Election 2012: Early voting restored in Ohio
African American voters in Maryland. PHOTO/Rich Vary/NewsHour
A federal judge in Ohio on Friday granted a request from President Barack Obama’s campaign to give all voters in the swing state the option of casting their ballot in person during the three days before Election Day.
U.S. District Judge Peter Economus in Columbus issued a preliminary injunction in a case involving a state law that cuts off early voting for most residents on the Friday evening before a Tuesday election.
The judge’s ruling said that he expects Ohio’s elections chief to direct all county elections boards to maintain a specific, consistent schedule on those three days “in keeping with his earlier directive that only by doing so can he ensure that Ohio’s election process is ‘uniform, accessible for all, fair, and secure.’”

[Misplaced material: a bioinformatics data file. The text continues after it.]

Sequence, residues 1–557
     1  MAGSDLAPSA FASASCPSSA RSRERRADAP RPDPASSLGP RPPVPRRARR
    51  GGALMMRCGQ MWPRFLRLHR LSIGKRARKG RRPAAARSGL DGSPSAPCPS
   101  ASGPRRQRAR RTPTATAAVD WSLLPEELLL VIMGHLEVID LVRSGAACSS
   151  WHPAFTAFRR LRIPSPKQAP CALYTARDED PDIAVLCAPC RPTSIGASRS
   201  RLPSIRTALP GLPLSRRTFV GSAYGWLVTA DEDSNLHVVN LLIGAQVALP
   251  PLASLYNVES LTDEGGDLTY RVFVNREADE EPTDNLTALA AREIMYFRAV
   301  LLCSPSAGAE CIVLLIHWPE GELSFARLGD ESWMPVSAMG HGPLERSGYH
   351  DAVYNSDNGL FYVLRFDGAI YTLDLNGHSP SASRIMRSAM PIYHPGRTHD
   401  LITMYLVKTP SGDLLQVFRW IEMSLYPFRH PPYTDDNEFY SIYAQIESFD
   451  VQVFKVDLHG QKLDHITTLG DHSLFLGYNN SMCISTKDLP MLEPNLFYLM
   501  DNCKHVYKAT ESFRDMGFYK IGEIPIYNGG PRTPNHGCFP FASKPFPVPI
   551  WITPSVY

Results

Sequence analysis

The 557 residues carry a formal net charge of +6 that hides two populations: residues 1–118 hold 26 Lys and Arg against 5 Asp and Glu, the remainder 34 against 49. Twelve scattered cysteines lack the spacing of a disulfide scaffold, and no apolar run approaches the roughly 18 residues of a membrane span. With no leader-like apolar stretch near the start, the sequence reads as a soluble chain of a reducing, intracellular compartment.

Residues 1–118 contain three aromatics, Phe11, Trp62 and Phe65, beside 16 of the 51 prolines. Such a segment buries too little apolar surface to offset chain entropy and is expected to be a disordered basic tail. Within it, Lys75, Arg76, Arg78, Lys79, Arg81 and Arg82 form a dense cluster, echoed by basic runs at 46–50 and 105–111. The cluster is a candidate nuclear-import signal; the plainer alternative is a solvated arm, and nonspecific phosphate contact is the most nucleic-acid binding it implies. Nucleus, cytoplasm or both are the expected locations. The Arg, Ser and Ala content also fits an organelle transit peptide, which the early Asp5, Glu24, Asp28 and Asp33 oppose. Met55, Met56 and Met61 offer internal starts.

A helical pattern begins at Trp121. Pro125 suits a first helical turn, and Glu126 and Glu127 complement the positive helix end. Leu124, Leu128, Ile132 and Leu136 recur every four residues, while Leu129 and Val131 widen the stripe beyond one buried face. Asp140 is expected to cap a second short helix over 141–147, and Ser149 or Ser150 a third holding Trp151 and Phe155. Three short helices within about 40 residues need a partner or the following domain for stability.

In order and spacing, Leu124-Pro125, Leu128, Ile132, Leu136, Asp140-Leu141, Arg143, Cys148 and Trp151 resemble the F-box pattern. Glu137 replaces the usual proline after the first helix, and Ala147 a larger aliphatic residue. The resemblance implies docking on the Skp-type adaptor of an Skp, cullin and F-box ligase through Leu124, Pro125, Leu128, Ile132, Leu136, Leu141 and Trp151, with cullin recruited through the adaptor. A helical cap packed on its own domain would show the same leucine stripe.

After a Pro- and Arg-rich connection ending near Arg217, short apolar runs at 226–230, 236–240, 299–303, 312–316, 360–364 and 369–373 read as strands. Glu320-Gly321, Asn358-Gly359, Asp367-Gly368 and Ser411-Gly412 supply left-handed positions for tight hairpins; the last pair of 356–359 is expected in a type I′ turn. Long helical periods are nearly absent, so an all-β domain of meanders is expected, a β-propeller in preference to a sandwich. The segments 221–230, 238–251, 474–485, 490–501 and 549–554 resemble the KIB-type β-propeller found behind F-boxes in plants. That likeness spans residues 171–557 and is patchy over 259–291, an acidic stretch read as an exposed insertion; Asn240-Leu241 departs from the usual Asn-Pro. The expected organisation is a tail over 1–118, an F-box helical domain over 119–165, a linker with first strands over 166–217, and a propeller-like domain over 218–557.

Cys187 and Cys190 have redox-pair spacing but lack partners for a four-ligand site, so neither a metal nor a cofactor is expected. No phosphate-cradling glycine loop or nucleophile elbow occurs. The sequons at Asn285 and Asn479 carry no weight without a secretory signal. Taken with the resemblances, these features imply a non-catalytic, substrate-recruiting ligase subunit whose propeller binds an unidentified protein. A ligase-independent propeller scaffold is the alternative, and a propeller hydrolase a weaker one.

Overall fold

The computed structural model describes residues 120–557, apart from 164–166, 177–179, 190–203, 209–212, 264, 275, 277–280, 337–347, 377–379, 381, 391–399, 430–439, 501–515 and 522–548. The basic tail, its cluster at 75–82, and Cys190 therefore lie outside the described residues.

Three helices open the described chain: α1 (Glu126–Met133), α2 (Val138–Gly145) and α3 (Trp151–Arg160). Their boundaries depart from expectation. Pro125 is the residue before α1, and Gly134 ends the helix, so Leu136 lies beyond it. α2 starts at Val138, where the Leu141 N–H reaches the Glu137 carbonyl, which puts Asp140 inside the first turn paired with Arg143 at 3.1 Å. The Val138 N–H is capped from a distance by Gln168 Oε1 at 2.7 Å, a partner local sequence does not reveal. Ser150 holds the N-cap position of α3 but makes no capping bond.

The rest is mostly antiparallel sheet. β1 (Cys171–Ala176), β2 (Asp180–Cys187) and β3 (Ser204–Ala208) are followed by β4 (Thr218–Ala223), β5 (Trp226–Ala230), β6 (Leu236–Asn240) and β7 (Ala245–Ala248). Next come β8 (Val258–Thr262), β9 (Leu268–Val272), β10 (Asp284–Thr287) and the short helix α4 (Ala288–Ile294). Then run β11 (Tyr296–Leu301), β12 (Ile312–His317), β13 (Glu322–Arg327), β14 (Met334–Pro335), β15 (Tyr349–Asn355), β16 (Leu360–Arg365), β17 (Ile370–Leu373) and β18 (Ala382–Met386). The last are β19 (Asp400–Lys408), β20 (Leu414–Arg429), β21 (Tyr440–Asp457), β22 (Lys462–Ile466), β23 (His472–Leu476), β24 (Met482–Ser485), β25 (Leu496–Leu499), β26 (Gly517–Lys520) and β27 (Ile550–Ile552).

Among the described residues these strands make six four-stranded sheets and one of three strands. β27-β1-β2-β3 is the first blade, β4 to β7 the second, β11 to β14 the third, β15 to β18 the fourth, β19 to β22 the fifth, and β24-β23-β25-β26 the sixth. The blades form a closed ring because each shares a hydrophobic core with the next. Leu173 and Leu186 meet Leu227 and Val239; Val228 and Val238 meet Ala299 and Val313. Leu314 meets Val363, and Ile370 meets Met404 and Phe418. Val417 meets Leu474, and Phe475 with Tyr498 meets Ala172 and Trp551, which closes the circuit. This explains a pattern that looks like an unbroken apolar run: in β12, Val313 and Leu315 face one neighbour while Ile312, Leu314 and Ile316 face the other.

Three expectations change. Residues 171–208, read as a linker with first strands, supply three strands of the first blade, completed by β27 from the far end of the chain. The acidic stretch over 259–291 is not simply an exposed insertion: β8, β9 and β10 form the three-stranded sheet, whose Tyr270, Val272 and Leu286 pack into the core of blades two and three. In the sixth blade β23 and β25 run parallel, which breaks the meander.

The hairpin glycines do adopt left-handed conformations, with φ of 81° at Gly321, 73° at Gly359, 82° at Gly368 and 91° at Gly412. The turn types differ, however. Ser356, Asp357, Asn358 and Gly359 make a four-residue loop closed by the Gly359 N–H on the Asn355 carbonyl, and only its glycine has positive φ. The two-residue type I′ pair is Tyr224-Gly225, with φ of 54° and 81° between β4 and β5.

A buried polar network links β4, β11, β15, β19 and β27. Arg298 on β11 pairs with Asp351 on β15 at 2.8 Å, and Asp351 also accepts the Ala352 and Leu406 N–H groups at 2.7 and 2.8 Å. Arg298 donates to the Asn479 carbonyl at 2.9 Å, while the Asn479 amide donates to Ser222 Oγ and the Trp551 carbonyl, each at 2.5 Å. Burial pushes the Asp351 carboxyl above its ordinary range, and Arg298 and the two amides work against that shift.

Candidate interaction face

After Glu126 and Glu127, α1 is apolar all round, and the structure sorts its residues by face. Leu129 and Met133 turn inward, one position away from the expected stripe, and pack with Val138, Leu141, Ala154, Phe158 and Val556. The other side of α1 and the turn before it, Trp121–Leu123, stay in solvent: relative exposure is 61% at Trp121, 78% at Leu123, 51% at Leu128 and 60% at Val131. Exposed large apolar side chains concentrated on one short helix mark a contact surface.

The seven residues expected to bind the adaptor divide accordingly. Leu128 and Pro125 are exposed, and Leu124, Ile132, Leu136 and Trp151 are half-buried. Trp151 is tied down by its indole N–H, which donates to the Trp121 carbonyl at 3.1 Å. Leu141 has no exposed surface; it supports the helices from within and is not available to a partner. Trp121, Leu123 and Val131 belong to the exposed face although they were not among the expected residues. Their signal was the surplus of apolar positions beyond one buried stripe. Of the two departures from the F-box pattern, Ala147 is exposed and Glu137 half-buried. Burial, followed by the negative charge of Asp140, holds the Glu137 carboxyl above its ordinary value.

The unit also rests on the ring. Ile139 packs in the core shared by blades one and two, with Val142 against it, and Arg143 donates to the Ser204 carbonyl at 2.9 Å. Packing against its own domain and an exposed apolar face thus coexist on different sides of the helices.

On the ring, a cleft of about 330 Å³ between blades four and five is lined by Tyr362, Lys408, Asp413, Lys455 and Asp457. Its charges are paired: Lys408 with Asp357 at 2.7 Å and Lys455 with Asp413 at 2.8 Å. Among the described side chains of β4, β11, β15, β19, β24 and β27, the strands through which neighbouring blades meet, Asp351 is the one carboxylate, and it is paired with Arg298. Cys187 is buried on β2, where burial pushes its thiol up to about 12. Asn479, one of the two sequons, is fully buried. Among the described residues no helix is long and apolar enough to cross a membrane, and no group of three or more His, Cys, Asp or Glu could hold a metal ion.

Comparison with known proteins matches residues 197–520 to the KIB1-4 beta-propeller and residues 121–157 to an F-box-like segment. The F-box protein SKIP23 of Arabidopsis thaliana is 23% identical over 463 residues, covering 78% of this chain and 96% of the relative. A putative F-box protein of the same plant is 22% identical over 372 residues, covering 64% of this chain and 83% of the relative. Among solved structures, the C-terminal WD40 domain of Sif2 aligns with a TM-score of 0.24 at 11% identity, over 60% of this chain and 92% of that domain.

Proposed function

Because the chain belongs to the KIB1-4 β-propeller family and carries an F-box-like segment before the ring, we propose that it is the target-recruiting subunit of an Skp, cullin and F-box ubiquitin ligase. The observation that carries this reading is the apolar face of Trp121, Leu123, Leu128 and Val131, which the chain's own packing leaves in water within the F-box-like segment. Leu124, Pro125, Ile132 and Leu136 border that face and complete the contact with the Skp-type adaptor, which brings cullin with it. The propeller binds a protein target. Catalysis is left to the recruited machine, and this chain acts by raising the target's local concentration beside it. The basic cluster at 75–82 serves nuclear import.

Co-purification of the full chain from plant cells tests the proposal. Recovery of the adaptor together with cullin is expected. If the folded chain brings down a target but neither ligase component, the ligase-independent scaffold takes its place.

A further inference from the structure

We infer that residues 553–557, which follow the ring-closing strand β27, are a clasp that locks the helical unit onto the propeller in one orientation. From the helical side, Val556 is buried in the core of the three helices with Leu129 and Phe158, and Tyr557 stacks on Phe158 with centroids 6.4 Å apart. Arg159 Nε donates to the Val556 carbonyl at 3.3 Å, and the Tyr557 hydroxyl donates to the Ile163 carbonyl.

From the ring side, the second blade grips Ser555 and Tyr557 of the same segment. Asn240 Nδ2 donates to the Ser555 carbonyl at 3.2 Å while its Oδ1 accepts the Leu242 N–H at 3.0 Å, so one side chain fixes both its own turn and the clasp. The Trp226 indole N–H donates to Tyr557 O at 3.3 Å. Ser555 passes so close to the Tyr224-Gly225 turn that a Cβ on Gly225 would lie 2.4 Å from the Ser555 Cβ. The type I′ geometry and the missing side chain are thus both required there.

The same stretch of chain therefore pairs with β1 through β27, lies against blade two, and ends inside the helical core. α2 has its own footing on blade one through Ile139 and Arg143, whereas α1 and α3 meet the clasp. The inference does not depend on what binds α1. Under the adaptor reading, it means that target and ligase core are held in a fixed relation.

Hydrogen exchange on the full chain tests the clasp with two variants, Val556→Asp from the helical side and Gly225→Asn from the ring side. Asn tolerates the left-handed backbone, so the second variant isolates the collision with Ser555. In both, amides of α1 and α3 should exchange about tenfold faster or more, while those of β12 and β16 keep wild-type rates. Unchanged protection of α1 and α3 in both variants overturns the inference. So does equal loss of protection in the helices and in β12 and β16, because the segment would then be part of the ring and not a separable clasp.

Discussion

Obama’s campaign and Democrats sued the state’s elections chief and attorney general over the legality of the law. They argued that everyone should have the chance to vote on those three days. The law makes an exception for military personnel and Ohio voters living overseas.
Attorneys for the state have said many laws already grant military personnel special voting accommodations, such as requirements for states to send absentee ballots to them 45 days before the election. And they contend local boards need those three days to prepare for the election.
Ohio is among 32 states, plus the District of Columbia, that allow voters to cast an early ballot by mail or in person without having to give a reason.
The Obama campaign and Democrats said a series of legislative changes by state lawmakers arbitrarily eliminated the opportunity for most Ohioans to vote in person on those three days, while giving military or overseas voters the chance to do so.
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